Dr. Joe Malone
Dr. Joe Malone & Sarah Achelpohl Harris

Battles of the Sexes

In a world where the God-given distinction between the sexes is treated with suspicion, Dr. Malone looks at the specific differences and how they impact the way couples interrelate. “These gender-distinct young adult dilemmas are what we are naming the ‘Battles of the Sexes.” They argue that men and women have distinct biochemistries and experience life and marriage differently. Citing the horrendous statistics of 1 in 4 people with an STD and the 4.3 billion hours people watched on Pornhub last year, they argue that gender conflict leads to sexual conflict. Only by honoring God as He created us can we truly find deeply satisfying relationships (Nashville, TN).

Jeffrey S Moore
Jeffrey S. Moore

We Believed: our ten year journey pursuing God’s promises to adopt four children

Only 2 percent of American families ever adopt and international adoptions are becoming more restrictive. Nevertheless, seven million Americans are adopted (1 in 50). Kids in foster care account for the majority of adoptions but foreign-born children are also part of the total. Jeff Moore and his wife took a leap of faith and adopted not one, but four siblings and brought them into their home. They chronicle the challenges, the call to be faithful, and the miracles that occurred along the way. Their step of faith is frightening and rewarding, frustrating and joyful, exciting and exhausting (Denver, CO).

Kelly M Williams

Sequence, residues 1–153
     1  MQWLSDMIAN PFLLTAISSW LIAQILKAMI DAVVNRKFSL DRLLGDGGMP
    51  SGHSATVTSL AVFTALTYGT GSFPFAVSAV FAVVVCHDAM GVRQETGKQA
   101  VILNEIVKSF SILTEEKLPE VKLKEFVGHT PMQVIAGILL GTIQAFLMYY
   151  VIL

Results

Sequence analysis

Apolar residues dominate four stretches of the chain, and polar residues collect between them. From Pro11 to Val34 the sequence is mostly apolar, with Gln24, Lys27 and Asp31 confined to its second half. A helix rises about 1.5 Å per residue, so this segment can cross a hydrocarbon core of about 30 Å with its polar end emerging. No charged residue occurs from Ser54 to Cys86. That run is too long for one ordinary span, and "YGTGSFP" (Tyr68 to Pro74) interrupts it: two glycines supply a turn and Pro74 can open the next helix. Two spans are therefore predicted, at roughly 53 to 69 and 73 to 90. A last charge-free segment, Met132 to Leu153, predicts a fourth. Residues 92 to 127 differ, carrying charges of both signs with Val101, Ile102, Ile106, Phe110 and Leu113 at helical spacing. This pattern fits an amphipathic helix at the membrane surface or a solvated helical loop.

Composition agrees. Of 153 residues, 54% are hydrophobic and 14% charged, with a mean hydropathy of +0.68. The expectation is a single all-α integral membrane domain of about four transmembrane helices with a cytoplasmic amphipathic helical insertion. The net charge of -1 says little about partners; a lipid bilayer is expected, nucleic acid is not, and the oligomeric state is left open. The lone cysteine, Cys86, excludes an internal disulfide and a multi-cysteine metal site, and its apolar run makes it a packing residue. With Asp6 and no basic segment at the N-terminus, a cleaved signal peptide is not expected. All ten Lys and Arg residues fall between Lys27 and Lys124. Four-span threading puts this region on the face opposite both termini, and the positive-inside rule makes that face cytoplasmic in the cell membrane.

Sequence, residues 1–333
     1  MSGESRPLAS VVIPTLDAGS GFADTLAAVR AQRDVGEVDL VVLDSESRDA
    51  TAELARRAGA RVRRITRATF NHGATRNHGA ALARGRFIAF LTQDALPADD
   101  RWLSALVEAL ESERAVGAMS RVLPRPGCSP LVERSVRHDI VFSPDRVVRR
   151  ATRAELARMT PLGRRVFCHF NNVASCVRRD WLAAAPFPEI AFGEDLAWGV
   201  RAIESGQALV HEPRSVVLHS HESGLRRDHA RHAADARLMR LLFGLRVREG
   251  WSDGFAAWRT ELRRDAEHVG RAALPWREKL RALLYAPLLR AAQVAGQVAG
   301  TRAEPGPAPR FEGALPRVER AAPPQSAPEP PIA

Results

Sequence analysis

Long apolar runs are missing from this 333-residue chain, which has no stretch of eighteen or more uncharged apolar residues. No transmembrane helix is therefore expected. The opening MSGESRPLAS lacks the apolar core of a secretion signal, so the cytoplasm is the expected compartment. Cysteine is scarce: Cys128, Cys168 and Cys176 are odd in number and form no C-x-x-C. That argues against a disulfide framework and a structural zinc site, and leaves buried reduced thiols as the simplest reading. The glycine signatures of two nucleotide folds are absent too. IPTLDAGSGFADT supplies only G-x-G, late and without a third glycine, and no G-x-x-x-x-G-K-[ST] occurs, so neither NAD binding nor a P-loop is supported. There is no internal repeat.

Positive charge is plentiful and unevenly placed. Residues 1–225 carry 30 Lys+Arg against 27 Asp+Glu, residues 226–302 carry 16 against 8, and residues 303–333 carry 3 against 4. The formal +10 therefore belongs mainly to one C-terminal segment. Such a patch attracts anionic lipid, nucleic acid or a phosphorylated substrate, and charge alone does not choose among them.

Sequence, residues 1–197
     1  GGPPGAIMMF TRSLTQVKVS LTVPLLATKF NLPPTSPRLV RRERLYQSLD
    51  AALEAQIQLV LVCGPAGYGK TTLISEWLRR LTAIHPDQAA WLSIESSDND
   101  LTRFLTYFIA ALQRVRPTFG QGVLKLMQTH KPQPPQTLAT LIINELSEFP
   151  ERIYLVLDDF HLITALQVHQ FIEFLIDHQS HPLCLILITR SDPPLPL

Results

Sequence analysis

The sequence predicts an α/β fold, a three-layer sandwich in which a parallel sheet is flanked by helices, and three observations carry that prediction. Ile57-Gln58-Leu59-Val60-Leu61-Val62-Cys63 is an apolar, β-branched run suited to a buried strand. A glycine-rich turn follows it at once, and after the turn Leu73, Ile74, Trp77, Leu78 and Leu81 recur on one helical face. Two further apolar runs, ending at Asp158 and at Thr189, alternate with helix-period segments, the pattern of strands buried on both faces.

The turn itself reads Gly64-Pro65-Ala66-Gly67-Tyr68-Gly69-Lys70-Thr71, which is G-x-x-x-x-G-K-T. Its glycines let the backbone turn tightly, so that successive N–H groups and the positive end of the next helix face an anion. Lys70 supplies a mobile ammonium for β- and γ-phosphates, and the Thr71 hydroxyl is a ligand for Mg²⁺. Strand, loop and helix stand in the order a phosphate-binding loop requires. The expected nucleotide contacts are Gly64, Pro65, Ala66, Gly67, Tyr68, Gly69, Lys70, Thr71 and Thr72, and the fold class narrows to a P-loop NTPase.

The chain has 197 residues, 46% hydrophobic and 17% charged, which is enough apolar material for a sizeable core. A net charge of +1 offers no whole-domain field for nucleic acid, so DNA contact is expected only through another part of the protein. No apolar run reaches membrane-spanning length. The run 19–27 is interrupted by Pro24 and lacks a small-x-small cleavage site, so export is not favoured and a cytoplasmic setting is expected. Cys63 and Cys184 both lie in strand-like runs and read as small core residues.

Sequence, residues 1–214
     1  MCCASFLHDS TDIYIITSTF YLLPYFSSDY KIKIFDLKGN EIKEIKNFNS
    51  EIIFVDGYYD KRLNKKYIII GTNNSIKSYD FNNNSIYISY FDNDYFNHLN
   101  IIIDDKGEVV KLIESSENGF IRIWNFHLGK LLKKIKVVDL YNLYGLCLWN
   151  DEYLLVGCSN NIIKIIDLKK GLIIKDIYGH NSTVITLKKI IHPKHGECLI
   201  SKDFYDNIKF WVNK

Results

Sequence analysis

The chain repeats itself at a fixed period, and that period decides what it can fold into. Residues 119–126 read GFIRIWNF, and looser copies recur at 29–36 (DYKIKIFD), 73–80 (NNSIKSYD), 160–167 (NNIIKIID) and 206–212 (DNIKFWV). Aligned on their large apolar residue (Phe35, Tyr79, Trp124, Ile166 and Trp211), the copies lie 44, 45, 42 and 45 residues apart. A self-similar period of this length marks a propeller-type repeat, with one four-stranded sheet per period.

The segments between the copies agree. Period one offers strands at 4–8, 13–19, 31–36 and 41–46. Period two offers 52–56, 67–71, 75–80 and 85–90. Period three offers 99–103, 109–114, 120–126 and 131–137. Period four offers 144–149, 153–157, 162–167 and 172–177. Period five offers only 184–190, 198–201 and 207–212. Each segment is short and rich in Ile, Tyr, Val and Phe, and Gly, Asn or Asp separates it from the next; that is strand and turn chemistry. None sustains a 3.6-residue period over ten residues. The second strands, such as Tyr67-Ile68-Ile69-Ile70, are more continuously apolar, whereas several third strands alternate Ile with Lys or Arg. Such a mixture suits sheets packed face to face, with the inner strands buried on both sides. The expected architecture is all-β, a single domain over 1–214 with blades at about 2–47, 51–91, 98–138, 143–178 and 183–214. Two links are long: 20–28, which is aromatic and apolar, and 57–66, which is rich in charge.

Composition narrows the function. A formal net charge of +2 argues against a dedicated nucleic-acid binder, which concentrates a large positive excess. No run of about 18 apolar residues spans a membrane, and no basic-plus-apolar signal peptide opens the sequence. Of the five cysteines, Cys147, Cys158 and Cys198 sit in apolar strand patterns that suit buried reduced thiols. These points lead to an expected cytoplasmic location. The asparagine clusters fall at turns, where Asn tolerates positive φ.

Kelly M. Williams

The Mystery of 23 God Speaks

“God uses a variety of ways and methods to communicate with us,” says Kelly Williams, a pastor for more than two decades. A Southern Baptist graduate (Liberty University) who then went on to earn his ThM from Dallas Theological. He never saw himself as one to be asking questions like, “Does God speak to us personally?” He talks about how we have forgotten that God used dreams and visions in the Bible and that we have lost our ability to discern in today’s cynical world. Williams provides step-by-step clear questions about how we can know if God is speaking to us; 23 to be exact. “God still speaks to us today,” says Williams (Colorado Springs, CO).

Dino Kartsonakis
Dino & Cheryl Kartsonakis

Hymn Restoration: 101 Treasured Hymns with Devotions

In the past twenty years many churches have left behind hymnals and previous styles of worship. Even buildings that once created a sense of awe and wonder have been replaced by warehouses and informal settings. The term “worship wars” describes the vast differences between how Millennials see worship and how older and more traditional people see it. Composer, pianist and Grammy Award winner, Dino Kartsonakis, has been around hymns his entire life. He says few people understand just how powerfully they were inspired, citing Isaac Watts, Charles Wesley, and Fanny Crosby as examples. “This is about introducing a new generation to the musical treasures of Christian history” (Branson, MO).

Cari Gintz
Cari Gintz

Jericho Unmasked: An Entrapped Lesbian’s Journey to Freedom

Betrayal. Shame. Heartbreak. “These were key hallmarks of my emotion,” says Cari Gintz. Sexually abused as a young girl, caught in a legalistic cult, married to a man who came out as gay and left her for another man, Gintz was stressed, hurt, disappointed. Rather than embracing the faith of her childhood, she went the other direction. “It was a time of decadence, and I was free. No boundaries, no hindrances, and no relationship with God seemed the ideal ingredients of happiness,” says Gintz. She recounts her pain-filled journey looking for love. In spite of trying to rectify her gay lifestyle with Christianity she felt conviction. She prayed, “God, help me do what I don’t have the power to do for myself.” He answered her simple prayer. “Now there I stood, consecrated to the Lord and free from the untamable beast in my soul . . . I had been healed of homosexuality.” (Hudson, OH).

Denise Shick
Denise Shick

When Daddy Leaves to be a Girl